Rebekah Coggin ’14 came to Calvin certain that she would study some kind of science or engineering. However, once she took Calculus I and an interim course called “Mathematics, Beauty and the Mind of God”, both taught by the same professor, she was sold on majoring in mathematics.
“Seeing how math could be applied to the physical world in such incredible ways helped me realize that understanding the math that physicists and engineers use is much more exciting than constructing the physics theories or engineering projects themselves,” says Rebekah.
Rebekah’s interest in math continued to develop while participating in summer research at Calvin. Rebekah worked with Professor Bolt and one other student to study the mathematics behind the card game, Spot it!, which resulted in a published paper on this research. The following summer, Rebekah landed an internship with the Department of Homeland Security at the Pacific Northwest Research National Laboratory. Here, she worked to improve the accuracy and efficiency of the Chemical Mixture Methodology (CMM), which assesses chemicals released into the atmosphere in an emergency situation, such as an earthquake at a chemical storage facility. It considers how dangerous each chemical is to the human body, which bodily system it affects, and reports a safe distance from the release point of the chemicals.
“This internship provided a contrast for me between the theoretical math research I did at Calvin and the applied math I saw at the lab,” Rebekah explains. “It was key in helping me decide to pursue applied mathematics at Calvin and in grad school.”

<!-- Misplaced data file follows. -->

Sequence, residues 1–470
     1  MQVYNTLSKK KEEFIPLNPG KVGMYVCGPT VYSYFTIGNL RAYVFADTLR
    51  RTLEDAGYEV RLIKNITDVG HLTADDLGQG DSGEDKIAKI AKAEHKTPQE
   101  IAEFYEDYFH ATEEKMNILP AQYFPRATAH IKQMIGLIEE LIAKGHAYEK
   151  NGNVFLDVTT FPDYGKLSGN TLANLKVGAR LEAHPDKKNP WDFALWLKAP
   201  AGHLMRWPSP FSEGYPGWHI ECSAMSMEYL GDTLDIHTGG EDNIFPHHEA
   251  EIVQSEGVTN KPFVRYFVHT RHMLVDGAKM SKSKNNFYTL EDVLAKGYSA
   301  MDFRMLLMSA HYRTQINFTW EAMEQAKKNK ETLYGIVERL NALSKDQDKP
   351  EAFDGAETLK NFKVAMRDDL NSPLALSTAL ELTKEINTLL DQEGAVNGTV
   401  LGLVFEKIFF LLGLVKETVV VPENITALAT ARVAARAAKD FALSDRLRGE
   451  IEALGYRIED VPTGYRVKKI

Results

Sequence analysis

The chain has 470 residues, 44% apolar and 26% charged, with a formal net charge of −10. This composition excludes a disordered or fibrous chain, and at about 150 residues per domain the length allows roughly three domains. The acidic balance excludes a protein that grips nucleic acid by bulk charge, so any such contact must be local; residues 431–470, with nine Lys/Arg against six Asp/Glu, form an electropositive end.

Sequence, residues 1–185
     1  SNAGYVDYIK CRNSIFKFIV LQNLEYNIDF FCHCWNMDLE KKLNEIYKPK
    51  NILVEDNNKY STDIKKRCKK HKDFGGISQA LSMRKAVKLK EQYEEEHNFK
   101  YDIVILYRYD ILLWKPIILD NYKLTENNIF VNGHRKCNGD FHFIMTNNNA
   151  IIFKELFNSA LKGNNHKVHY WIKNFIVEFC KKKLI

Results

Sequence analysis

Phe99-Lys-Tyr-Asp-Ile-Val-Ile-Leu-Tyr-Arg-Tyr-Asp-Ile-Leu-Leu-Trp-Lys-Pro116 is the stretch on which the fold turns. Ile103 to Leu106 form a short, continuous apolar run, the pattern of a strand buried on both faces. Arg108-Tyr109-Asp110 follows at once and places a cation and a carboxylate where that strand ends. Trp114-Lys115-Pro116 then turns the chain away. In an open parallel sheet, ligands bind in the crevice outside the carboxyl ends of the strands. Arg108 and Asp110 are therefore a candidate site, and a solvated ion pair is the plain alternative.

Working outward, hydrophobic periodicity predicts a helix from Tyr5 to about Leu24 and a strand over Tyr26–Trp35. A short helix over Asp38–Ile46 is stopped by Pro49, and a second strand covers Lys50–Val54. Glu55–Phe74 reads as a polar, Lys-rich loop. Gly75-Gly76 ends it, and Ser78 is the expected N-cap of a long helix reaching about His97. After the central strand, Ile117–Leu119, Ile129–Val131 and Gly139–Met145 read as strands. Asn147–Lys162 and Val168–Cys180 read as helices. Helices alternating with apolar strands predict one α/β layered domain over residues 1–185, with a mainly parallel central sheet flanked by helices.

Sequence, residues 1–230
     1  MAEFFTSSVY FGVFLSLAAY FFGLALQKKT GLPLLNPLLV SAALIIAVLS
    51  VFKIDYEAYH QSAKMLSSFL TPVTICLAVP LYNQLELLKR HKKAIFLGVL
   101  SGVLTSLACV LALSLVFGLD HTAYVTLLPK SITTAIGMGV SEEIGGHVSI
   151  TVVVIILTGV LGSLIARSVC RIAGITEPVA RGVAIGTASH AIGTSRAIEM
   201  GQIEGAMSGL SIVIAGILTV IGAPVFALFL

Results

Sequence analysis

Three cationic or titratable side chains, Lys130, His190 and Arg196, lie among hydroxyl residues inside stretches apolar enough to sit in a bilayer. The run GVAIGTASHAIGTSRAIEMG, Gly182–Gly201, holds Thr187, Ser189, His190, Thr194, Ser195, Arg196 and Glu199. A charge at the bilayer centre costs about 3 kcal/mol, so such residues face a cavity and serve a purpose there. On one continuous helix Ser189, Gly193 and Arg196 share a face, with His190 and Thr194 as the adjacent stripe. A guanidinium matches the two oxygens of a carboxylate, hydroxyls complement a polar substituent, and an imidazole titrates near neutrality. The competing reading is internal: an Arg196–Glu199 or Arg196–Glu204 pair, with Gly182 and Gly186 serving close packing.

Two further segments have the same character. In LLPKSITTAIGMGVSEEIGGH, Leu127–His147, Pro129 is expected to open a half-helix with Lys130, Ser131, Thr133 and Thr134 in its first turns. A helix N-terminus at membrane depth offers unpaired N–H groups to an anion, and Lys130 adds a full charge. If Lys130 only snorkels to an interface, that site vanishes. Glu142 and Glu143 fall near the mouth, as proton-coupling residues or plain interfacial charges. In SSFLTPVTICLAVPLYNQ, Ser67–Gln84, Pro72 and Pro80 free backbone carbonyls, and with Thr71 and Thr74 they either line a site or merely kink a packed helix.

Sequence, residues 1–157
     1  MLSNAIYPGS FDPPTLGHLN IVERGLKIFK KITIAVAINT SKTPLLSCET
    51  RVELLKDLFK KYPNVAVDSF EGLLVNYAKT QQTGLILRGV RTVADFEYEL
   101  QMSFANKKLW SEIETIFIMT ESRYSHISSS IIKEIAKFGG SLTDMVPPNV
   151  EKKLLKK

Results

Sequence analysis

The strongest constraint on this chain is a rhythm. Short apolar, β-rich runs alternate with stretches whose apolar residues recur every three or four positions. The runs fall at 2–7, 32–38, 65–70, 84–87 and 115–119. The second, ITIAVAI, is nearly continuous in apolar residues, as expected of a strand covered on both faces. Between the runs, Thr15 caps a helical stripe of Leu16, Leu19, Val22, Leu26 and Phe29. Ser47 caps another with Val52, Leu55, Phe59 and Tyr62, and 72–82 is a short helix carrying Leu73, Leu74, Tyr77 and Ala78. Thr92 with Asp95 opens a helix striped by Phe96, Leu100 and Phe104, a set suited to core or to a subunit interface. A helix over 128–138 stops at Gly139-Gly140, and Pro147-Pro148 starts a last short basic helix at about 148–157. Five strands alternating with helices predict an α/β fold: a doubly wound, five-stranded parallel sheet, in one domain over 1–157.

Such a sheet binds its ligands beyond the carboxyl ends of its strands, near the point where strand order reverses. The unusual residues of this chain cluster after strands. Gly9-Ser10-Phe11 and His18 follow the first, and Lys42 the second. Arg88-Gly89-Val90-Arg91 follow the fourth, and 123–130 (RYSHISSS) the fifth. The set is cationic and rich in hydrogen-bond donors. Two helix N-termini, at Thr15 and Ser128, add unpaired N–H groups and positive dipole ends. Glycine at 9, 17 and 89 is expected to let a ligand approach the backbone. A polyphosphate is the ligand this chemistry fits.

Because of Calvin's small class sizes and the professors' genuine interest in the students, Rebekah had another unique chance to learn from research during her senior year. She worked one-on-one with an applied math professor in the field of research she hopes to pursue in graduate school.
In the fall, Rebekah is starting a PhD program in applied mathematics at the University of Kansas. She will also be teaching undergraduate math classes as part of her graduate assistantship, and she is looking forward to starting her own research. Upon completion of her graduate program, Rebekah hopes to work at a national research laboratory, doing mathematical modeling of physical systems.
Rebekah is grateful for the professors she had at Calvin who mentored and challenged her throughout her coursework and research, and she encourages other students get to know their professors.
“Communicate with them and find out how you can get involved in the work they are doing. This will not only give you great opportunities while at Calvin, but will also open options after you graduate,” says Rebekah. Professors have been in your place before and are often more equipped than anyone else to guide you toward what you will enjoy most."
Written by Meredith Segur, posted July 2014